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  • Bob LoCicero

Fall MotoGiro 2012: Perfection Isn't Perfect

Rider heads out on the course, Saturday morning
Rider heads out on the course, Saturday morning

In this world, the rider smiles when he confronts the fatal incident or drama, that is the beautiful thing, because life has meaning when he stares death in the face – Doctor Costa, MotoGP doctor in the movie Fastest

Vintage motorcycle enthusiasts are often a meticulous lot: preening pedigrees of pristine pureness. It would be easy to assume that the riders of the US Classic Racing Association’s MotoGiro are in that group -- an assumption that would be completely wrong.

I got a chance to see this year’s MotoGiro USA in Cavendish Vermont, September 22-23rd. The event combines skills competitions with timed rides on public roads. The focus is more on precision than speed, but to win you need to be precise at a relatively high speed. Many of the competitors are former racers and know how to ride motorcycles fast.

The event begins with a skills test. Riders are released onto the skills course in 30-second intervals. They must navigate a series of cones in a specified time. Competitors are assessed a penalty for hitting a cone or putting a foot down. Riding too fast is penalized the same as riding too slowly. The objective is to navigate the course cleanly in exactly the required time.

Rider on the skills course
Rider on the skills course

They then head to the open road for a 170-mile ride. It is here that the real purpose of Giro reveals itself. The riders charge the course. While the bikes are impeccably maintained, these are fifty year-old motorcycles. They are mostly two strokes that like to be revved. Braking comes from front and rear drum brakes, not disks. Engine braking is non-existent. Slowing these bikes is far more of a challenge than making them go fast.

Most of the riders prefer not to slow their bikes at all, opting instead for maintaining a constant speed. Cornering requires forethought. Riders choose their line and commit to it. Because the bikes are small – the rules require that they be no larger than 305cc – they turn quickly. Riders use arching lines that allow them to apply nearly constant throttle through the entire corner. Using the fast entry, late brake, quick turn and hard gas style of riding, popular with modern sport bikes, is simply not possible.

Riders stop to read directions
Riders stop to read directions

Navigating the course is a challenge. The route is secret until the night before the competition. Route sheets – a set of turn-by-turn instructions with mileage and landmarks– tell the riders where to go and riders must follow the route exactly. The route includes tar and dirt, but favors roads that might have existed fifty years ago, with bumps, cracks, and loose gravel.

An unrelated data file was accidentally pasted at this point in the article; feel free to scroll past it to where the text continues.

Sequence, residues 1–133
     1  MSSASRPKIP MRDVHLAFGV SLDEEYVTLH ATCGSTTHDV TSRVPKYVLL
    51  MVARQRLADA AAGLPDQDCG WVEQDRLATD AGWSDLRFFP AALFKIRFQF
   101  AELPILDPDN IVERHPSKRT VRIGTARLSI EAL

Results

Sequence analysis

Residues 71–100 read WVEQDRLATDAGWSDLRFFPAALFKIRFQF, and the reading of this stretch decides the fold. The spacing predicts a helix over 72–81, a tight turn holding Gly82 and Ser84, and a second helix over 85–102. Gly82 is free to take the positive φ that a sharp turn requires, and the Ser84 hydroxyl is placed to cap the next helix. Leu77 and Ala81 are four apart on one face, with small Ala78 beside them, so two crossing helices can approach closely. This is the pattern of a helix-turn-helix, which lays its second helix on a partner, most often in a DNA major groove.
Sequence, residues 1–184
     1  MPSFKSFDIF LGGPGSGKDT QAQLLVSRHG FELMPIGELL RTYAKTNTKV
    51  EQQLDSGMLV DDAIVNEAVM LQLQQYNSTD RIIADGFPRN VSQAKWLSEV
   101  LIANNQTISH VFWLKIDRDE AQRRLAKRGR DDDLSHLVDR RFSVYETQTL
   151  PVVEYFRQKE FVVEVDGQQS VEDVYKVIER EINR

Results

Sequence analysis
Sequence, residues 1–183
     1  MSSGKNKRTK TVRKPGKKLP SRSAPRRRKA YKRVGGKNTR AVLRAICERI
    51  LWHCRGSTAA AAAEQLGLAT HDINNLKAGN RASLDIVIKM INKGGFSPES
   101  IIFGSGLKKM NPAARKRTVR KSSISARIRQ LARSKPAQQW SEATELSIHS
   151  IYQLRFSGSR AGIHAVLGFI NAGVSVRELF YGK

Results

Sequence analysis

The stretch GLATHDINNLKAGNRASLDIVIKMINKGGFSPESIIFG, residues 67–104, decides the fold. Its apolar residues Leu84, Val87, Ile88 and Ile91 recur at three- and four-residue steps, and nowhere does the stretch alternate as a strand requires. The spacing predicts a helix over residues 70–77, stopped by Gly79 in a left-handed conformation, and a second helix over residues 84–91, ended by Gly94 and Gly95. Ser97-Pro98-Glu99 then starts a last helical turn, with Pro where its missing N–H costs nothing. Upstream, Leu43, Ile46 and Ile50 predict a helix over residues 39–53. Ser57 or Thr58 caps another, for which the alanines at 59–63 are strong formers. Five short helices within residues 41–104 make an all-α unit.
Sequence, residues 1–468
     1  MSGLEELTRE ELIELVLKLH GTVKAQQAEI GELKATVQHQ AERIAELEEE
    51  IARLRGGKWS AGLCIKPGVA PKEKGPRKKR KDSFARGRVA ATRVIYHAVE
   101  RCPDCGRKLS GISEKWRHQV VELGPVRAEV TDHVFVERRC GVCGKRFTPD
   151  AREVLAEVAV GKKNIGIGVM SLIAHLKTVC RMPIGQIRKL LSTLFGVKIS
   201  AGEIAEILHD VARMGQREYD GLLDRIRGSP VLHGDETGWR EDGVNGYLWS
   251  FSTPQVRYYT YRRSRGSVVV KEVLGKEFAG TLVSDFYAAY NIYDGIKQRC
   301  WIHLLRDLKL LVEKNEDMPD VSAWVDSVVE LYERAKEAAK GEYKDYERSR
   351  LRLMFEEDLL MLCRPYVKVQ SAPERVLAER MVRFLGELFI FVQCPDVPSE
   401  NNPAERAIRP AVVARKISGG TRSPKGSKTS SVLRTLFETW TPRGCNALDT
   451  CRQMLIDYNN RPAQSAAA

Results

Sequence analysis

While the route sheets are precise and accurate, there are many turns and there is little time to stop and read directions. The bikes lack directionals, so riders use hand signals to indicate changes in direction. Keeping the pace is an important part of not getting lost.

Like the skills test, riders must complete road sections in a specified time. Riders must arrive at checkpoints within 60 seconds of their mark. Arriving early or late yields a sixty-point penalty: a penalty large enough to rule out winning the event.

Babying your bike is not allowed. On the contrary, you must ride it hard. Speed is not the point, but you need to ride a brisk pace. The focus is on control. There is little time for wavering thoughts: you must be engaged while riding, which brings us to the point of the ride itself.

During the MotoGiro, the MotoGiro is life. You cannot be too sure what will happen. You must pay attention. You should enjoy the company of your friends, seize the day, and take advantage of it, because it can all be gone quickly.

Life is uncertain and so are the bikes. In the pre-ride meeting, the Race Director, Shane Rivet reads off the cell phone number for the chase truck and reminds riders that he has a welder, should anyone need it.

The bikes reflect their riders. Both have scars from years of service. When the inevitable occurs, and a bike breaks down, passing riders stop to help. The competitors become a team, working together to get the failed bike running. I saw a roadside exploration of a carburetor that made me queasy. One competitor installed a new head gasket in the hotel parking lot between rides end on Saturday and dinner Saturday night, so he could be ready for the Sunday morning ride.

Riders team together to fix bike
Riders team together to fix bike

Vintage motorcycling can be hard to understand. Why ride small, old, under-sprung, underpowered, poor braking motorcycles? And why ride them so hard? Isn’t it dangerous?

It is dangerous, but all motorcycling is dangerous. These are not foolish youngsters, riding with more testosterone than brains. These are experienced riders who have chosen vintage bikes for a reason.

I asked one of my dinner companions why he does this and he said, “We can have as much fun at forty miles per hour on these roads as a rider on sport bike can have at eighty.” It’s the ultimate test of the adage, it is better to ride a slow bike fast, than a fast bike slow.

These motorcycles can be ridden just fast enough to realize that there is an edge -- that your mistakes have consequences -- without breaking the law or risking your life. The MotoGiro enables these riders to relive why they became motorcyclists in the first place, on the bikes they rode when they fell in love with motorcycling, and share to it with friends who understand.

Few people truly like perfection and the MotoGiro isn’t about being perfect. It is about accepting what life gives you and making the best of it. The good, the bad, the scars and all.

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